The Media Center held a discussion on the divided movement against the electricity price hike and the legal aspect of the claims. The speakers included: Avetik Ishkhanyan, Chairman at Helsinki Committee of Armenia; Artur Sakunts, Head of HCA Vanadzor; and Yervand Varosyan, lawyer at Bagin Law Firm
Earlier the morning of June 23, 5:30 a.m., the demonstration against the recent electricity price hike was dispersed with blasts of water and use of force by the riot police. 237 protesters were dragged away by the police. Journalists and bloggers reported that they, too, had endured rough treatment by uniformed and plainclothes officers.
“It is a vivid example of classic disobedience that we now see in Yerevan and other cities across the country: Vanadzor, Gyumri, etc. The police intend to investigate the case of damaging Sanitek trashcans but they refrain from investigating the terrorist actions the police officers took against protesters and citizens. Those responsible for the violations and brutality must be identified and convicted to eliminate further mass violations of human rights,” Artur Sakunts said.
A just and true movement has begun that has affected the Government which was trying to calm down the citizens, Avetik Ishkhanyan believes.
Yervand Varosyan shared his insights on the politicization of the movement. No movement or process in Armenia can be apolitical, he believes. “If one single person or his men make decisions in the country, any issue and movement cannot but become political. We don’t say “partisan,” we say “political.” Why should the young people have headed straight to Baghramyan Avenue? Simply they know where to go to get the problem solved,” said Varosyan.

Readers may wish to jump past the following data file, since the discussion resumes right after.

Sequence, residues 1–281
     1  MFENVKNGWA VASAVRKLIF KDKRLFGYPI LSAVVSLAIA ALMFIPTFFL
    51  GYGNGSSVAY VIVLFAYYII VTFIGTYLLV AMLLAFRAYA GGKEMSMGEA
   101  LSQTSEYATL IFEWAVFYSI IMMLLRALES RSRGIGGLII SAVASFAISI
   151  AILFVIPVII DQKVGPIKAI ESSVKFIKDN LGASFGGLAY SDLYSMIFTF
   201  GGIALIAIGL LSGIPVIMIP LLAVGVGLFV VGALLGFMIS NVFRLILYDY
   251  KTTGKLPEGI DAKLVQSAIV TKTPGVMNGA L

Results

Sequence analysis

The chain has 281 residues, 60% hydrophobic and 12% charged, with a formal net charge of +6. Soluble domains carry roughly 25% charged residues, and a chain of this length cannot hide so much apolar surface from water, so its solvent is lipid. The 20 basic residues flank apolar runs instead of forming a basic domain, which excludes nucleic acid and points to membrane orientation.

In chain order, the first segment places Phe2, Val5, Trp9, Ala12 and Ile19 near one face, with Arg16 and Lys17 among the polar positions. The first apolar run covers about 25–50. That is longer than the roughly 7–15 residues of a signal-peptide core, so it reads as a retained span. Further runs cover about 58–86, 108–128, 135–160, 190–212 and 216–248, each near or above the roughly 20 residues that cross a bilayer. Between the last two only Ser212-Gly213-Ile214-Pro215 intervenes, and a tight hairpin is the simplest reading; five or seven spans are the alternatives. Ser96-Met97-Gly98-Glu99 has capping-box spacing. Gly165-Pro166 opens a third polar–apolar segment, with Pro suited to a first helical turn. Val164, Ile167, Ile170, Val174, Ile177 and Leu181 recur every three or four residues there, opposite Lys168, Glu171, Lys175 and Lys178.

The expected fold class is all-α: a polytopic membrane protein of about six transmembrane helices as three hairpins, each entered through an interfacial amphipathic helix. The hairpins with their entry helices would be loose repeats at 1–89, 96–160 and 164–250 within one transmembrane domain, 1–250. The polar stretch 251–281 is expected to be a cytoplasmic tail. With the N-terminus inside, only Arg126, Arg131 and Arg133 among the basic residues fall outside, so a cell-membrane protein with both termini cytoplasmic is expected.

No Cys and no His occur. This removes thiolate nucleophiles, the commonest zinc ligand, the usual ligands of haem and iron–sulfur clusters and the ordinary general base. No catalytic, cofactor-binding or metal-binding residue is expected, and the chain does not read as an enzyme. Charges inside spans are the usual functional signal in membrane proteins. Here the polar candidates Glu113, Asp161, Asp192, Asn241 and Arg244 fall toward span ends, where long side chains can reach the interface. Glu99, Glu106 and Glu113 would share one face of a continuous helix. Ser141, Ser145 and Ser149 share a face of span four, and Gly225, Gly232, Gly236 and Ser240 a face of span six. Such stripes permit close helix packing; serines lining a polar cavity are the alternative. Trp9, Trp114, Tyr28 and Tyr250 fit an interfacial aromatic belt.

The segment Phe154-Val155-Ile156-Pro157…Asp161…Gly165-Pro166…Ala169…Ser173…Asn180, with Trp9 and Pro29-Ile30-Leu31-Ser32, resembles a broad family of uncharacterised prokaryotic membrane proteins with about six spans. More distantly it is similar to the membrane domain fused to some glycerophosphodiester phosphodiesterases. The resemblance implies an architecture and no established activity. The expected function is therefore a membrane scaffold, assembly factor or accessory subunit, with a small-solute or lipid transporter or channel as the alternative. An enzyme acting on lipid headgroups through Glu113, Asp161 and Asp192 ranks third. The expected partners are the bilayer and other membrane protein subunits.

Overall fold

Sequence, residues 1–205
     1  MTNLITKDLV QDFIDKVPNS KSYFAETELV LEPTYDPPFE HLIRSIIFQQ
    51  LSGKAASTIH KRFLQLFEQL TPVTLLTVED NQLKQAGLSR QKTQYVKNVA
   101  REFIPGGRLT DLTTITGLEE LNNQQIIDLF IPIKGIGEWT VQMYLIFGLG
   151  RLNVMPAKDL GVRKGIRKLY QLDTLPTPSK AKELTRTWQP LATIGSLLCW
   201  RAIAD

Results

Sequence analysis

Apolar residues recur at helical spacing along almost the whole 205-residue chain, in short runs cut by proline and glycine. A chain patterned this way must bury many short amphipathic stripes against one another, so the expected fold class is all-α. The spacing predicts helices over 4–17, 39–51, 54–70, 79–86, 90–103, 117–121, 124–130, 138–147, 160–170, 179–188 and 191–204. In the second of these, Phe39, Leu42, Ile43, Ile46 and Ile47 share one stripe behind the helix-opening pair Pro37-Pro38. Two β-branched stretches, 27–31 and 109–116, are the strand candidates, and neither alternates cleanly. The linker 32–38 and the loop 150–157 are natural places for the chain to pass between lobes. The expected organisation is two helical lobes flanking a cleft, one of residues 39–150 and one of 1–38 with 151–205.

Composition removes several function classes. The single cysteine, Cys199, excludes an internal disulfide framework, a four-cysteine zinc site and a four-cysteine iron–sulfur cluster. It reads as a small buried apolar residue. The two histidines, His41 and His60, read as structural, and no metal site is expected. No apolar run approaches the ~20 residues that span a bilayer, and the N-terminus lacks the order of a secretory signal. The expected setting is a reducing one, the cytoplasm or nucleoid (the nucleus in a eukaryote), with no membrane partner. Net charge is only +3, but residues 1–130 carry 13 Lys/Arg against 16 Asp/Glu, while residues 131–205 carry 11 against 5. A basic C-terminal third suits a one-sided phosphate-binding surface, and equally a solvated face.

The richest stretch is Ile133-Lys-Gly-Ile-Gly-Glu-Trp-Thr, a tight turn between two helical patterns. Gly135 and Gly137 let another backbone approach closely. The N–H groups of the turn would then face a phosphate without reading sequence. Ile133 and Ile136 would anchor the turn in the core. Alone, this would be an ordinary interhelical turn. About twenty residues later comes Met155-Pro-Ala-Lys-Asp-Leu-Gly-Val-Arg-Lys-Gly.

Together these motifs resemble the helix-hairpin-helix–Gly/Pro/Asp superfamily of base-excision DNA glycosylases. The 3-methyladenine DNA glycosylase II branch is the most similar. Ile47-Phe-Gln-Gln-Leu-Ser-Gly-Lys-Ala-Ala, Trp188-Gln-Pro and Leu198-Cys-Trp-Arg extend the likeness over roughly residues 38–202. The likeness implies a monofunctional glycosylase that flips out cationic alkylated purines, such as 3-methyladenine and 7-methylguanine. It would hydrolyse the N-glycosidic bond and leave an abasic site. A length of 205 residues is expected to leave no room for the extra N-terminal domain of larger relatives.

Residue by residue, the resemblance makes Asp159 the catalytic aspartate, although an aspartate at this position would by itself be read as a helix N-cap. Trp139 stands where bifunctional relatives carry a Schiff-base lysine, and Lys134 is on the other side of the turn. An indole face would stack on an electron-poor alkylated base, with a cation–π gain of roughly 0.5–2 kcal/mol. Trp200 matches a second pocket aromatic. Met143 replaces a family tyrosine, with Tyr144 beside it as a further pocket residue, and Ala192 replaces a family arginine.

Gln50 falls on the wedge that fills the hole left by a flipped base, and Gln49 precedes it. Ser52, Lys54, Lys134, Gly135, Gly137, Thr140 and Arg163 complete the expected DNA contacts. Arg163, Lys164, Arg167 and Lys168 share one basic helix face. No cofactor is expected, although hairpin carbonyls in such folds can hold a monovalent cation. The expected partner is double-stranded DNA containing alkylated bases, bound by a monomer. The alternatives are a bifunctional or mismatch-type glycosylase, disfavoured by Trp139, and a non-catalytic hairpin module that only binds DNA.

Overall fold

This movement has pulled down some stereotypes, and now everyone understands that “protesting means to close streets, and make noise and disturb one another – surely depending on the number of protesters and the issue's importance.” The electricity price is possible to change only at the will of the authorities, Varosyan believes.
The decision to cancel the electricity price increase is closely connected with the Armenian-Russian relations that are “hierarchic,” Ishkhanyan said.
“The relations are not partnership ones. Armenia does not have independent bodies and agencies. By law they are all independent but they actually fulfill orders. The Special Investigative Service is supposed to investigate the June 23 case but it is still waiting for an instruction,” Ishkhanyan said.
Sakunts added a delegation from Russia for the first time visited Armenia – now a member of the Eurasian Economic Union.
“The society managed out this bright, luminous achievement. So far Armenia has been ignored in the international arena, but after the events the media kept the spotlight on Baghramyan 26. As for delegating Permyakov’s and Hrachya Harutyunyan’s cases to the Armenian justice, I consider it nothing but a bargain. The rallies, the protesters forced such a power as Russia to reckon with the society in Armenia and talk to Armenians through Serzh Sargsyan. It is an immoral bargain which proves those people are hostages,” Sakunts said.
The President of Armenia can finally settle on a solution to the problem, Ishkhanyan believes.
“And whether or not our government will have the courage to make that decision depends on those young people and on whether the movement will continue,” he said.
Lilit Arakelyan, Editor-Coordinator
Please contact the author at email@example.com.